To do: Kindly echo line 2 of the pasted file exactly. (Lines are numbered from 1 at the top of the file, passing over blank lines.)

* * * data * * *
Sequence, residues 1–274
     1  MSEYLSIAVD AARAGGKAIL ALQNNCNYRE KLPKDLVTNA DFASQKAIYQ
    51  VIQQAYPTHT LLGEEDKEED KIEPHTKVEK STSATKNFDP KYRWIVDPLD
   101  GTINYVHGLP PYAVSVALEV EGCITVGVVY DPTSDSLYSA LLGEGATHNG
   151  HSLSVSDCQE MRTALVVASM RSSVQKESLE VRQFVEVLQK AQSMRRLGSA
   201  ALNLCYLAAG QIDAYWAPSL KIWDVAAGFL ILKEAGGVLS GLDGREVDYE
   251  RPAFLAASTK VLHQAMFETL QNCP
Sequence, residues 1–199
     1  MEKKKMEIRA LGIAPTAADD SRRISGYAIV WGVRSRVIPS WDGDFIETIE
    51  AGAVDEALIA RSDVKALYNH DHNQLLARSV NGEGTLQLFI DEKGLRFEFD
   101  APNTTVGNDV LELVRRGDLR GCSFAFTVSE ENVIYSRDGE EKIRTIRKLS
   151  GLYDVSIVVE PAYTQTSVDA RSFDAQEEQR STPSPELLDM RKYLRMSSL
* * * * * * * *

     1  MSEYLSIAVD AARAGGKAIL ALQNNCNYRE KLPKDLVTNA DFASQKAIYQ